Many marriages start with high hopes, passion and dreams of a fulfilling life together. But so many people are unprepared emotionally and financially for the struggles, frustrations and disappointments that inevitably follow when the honeymoon period ends. Continue reading
Recently I read a wonderful article in Boomer Plugged In, an online magazine for and about baby boomers. But this article applies to everyone, at any age. Many of the couples I see in counseling or that I meet at events and elsewhere are struggling to stay connected. Often each one feels secretly that they somehow got the raw end of the deal and that there is probably somebody out there much more suited to their emotional, physical and romantic needs. Shela Dean corroborates what I have been saying for a long time. Love heals. But we have to focus our love in the right direction.
Here is an excerpt from this article with a unique twist about marriage and divorce.
The Divorce Myth by Guest Blogger Shela Dean
The findings of a 2002 study by the Institute for American Values showed that (1) divorce does not typically make adults happier than staying in an unhappy marriage, and (b) 66% of unhappily married adults who avoided divorce were happily married five years later whether the marriage was of middling quality or had serious problems. Only 20% had divorced and happily remarried in the same time period. In short, you’re more likely to end up happily married to the spouse you have than if you divorce.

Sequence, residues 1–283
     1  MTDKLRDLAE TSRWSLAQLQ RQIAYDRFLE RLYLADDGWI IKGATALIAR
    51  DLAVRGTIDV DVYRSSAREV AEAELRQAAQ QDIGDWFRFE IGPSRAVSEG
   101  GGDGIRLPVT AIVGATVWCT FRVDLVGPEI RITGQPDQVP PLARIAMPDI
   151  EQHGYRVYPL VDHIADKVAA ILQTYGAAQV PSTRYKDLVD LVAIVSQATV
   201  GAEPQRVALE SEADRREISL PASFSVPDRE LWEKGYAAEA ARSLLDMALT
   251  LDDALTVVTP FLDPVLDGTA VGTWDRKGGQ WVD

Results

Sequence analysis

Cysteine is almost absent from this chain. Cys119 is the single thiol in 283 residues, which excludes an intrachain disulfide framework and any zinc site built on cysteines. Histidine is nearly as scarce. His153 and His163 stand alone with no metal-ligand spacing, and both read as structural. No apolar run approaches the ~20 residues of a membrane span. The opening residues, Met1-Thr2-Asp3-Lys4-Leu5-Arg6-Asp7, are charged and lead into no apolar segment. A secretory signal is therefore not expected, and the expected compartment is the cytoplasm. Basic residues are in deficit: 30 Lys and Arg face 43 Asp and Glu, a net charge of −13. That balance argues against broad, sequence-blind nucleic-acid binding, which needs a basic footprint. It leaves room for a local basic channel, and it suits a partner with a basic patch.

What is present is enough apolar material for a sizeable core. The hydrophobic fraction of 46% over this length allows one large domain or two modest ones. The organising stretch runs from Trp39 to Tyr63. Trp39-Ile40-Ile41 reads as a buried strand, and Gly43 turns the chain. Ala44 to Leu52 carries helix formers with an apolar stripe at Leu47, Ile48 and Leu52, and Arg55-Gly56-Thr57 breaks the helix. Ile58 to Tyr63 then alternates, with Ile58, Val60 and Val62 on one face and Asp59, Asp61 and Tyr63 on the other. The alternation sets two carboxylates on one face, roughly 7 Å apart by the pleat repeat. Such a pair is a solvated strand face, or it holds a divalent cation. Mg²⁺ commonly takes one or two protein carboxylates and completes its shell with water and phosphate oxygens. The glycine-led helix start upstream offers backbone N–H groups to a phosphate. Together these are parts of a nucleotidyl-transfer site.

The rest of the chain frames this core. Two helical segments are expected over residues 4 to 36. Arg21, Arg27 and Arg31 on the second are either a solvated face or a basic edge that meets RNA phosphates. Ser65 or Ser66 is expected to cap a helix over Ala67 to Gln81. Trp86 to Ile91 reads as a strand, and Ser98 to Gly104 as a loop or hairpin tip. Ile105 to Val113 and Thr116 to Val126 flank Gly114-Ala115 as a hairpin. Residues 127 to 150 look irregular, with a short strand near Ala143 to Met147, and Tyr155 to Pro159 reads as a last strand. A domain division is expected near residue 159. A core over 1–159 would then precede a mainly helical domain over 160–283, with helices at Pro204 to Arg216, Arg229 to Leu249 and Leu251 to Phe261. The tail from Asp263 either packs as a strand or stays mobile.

Separation … Divorce … Lawyers … Legal Battles … Financial Stress … Infidelilty … Love Gone Wrong
To Divorce or Separate: The Experts Weigh In My blog post today was inspired by this recent article from the Huffington Post with a few quotes by my colleague and friend, Dr. Adam Sheck. The article was spawned by the news that Couteney Cox and David Arquette are separating, not divorcing, after 11 years of marriage.
The public has gotten used to celebrity split ups, but usually there is so much drama, somebody doing somebody else “wrong,” somebody blatantly cheating, somebody requiring inpatient rehab for substance abuse or sexual philandering, or for being physically abusive. We tend to have difficulty dealing with the gray areas. We want it all to be put into a simple framework so that in our own lives we can know with some certainty what we would need to do in similar circumstances.
Relationships do not always fit into nice neat boxes and definite patterns. In previous generations there were some standard rules and roles for marriage. The man had the role of provider and the woman had the role of housekeeper, childbearer and homemaker. Each knew their role and lived together, often in a state of “quiet desperation.”
Times are different now. Roles are not so clearly defined. Women have found their comfort in the work place as well as at home. Women are no longer just living their lives through their children. Women are pursuing their own unique goals and dreams. And men are often enticed by blatant sexual ads, porn sites, social media connections, and invitations to join their friends at Exotic Dance Clubs